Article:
The Impact of the Financial Crisis on Nonfinancial Firms: The Case of Brazilian Corporations and the 'Double Circularity' Problem in Transnational Securities Litigation
Theoretical Inquiries in Law, vol. 16.1, pp. 131-181, 2015
52 Pages Posted: 12 Nov 2014 Last revised: 5 Feb 2015
Date Written: November 10, 2014
This Article discusses the impact of the international financial crisis on Brazilian capital markets. While the banking industry was not severely affected, leading nonfinancial corporations experienced severe financial turmoil. Two Brazilian corporations cross-listed in the United States — Sadia S.A. and Aracruz Celulose S.A. — suffered billion-dollar losses when the Brazilian real unexpectedly plummeted in relation to the dollar. Despite earlier disclosure that these companies had engaged only in pure hedging activity, these great losses were found to be the result of their highly speculative trading in currency derivatives. Consequently, several private lawsuits were filed both in the United States and in Brazil.
This Article takes a novel approach to the transnational securities litigation debate by examining the particular consequences of private litigation in a developed and in an emerging country. It compares the types of lawsuits filed and their final outcomes. Despite substantially similar alleged wrongdoing, the outcomes for securities holders in each jurisdiction contrast strikingly. Only U.S. investors of both companies were able to obtain substantial financial recoveries; Brazilian investors obtained none. This Article examines the reasons behind these discrepant results and the consequent economic distributional effects on global securities markets after the U.S. Supreme Court decision in Morrison.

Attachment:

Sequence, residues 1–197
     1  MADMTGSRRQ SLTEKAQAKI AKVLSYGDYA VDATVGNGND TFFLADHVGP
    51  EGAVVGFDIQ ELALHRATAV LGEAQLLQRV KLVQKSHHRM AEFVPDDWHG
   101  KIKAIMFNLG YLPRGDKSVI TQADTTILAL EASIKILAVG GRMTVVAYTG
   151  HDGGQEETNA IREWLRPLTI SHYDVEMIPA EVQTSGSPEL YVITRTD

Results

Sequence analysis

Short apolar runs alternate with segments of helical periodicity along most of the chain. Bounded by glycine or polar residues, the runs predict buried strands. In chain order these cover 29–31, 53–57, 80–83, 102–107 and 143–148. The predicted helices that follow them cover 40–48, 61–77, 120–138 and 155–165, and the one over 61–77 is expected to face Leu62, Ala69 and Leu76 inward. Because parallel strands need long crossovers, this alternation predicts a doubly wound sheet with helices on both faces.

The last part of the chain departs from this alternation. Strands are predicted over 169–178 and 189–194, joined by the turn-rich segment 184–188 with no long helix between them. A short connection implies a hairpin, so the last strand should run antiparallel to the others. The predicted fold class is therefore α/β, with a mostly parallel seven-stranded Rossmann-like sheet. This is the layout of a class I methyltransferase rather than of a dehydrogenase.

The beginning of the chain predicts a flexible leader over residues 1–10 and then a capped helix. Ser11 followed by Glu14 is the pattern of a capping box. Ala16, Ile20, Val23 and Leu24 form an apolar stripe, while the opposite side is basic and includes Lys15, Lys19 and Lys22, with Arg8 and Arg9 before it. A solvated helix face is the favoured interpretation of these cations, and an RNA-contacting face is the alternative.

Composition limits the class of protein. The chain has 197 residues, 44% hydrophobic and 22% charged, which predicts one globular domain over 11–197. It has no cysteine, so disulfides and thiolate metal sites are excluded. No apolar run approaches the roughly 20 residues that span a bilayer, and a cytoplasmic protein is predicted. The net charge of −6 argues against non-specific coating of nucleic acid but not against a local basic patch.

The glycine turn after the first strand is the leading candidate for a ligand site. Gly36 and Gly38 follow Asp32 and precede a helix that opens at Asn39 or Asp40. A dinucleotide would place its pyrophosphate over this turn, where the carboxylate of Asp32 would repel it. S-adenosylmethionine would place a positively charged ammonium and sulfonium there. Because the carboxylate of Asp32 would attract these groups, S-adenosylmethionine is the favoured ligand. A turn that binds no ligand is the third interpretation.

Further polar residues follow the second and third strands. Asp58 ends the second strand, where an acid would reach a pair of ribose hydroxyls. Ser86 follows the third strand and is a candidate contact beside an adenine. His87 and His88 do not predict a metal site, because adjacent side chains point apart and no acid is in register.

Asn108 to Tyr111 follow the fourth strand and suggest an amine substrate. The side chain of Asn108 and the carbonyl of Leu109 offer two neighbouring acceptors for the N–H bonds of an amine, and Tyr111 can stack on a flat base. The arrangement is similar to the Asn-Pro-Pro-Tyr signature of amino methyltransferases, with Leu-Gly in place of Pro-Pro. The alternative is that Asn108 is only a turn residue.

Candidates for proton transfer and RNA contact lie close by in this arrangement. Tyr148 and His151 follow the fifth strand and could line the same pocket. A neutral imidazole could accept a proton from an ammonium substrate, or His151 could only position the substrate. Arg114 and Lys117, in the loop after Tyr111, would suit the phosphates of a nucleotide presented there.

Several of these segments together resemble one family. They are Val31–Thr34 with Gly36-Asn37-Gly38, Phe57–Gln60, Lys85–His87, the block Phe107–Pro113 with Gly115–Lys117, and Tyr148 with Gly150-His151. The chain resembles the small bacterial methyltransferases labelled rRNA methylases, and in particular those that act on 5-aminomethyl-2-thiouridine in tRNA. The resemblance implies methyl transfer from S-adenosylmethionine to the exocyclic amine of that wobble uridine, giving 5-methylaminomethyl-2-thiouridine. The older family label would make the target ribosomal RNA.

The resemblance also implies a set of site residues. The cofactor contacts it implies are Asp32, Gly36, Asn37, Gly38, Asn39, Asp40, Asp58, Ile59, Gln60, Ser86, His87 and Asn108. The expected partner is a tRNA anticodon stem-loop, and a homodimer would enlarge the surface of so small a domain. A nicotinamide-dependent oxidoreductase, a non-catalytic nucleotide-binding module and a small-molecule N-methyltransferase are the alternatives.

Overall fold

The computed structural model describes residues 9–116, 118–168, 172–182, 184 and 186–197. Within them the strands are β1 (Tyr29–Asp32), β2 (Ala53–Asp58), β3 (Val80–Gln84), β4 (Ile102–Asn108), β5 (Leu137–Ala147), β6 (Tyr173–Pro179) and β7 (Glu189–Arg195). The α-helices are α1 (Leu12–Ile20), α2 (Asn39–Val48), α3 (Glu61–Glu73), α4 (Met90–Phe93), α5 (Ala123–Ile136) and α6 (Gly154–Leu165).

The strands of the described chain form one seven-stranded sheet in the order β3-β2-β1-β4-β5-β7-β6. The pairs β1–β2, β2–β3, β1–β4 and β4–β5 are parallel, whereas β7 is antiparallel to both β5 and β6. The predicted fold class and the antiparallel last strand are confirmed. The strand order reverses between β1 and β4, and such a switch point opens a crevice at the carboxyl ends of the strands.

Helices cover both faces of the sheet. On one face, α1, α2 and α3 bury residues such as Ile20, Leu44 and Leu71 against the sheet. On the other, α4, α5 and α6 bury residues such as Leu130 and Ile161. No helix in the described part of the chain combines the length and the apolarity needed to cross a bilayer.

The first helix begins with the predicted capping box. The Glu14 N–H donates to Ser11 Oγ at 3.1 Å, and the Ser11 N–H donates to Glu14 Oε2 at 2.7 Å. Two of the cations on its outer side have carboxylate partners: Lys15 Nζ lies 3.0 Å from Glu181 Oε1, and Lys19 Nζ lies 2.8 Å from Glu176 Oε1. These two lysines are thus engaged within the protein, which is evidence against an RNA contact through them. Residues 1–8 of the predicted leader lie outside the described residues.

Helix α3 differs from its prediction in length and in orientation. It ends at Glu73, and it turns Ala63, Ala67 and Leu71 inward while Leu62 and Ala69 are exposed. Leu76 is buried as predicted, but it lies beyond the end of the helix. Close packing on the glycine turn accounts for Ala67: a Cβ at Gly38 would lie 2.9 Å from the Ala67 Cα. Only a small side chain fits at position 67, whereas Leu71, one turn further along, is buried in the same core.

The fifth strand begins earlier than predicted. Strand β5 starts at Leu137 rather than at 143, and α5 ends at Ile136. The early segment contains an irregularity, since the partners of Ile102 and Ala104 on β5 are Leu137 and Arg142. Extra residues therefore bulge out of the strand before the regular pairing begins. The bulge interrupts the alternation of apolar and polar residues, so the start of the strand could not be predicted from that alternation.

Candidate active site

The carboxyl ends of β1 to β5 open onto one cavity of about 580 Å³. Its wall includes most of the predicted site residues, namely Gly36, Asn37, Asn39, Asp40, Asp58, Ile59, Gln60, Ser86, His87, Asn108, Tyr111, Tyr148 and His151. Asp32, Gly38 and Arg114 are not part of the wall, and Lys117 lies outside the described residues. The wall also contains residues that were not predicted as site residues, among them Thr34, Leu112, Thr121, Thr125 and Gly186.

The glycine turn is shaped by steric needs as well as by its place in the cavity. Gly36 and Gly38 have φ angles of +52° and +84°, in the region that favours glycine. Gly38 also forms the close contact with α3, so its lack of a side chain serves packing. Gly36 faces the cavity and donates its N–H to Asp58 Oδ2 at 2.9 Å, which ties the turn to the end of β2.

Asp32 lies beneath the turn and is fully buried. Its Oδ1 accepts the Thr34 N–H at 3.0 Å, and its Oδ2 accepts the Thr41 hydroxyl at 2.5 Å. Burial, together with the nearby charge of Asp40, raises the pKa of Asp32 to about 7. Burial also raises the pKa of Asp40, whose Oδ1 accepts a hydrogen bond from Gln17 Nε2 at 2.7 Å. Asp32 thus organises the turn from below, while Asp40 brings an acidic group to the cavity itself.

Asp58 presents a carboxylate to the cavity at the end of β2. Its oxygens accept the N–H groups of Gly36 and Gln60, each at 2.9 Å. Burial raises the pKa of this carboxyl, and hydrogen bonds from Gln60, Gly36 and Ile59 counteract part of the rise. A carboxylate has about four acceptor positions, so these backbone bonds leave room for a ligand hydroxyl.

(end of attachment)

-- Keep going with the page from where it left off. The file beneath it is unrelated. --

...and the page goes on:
The Article argues that Morrison aggravates such (i) shareholder cross-border non pro rata compensation and (ii) transfers of company value from foreign to U.S. investors. It identifies a set of costs borne by foreign investors, and so far neglected by scholars, as a consequence of the current status of U.S. and international securities law regimes. These costs are the result not only of the typical “circularity problem” in securities litigation, but also of a “double circularity problem” as they fall on foreign shareholders who also suffered equivalent damages to those experienced by the U.S. class being compensated. The Article then discusses potential policy reforms for fixing transnational securities litigation.
Keywords: transnational securities litigation, securities fraud, cross-listing, cross-listed companies, financial crisis, securities regulation, comparative securities law, private enforcement, international capital markets, internacional corporate governance, Brazil, Brazilian capital markets
JEL Classification: K22, K41, K42
Suggested Citation: Suggested Citation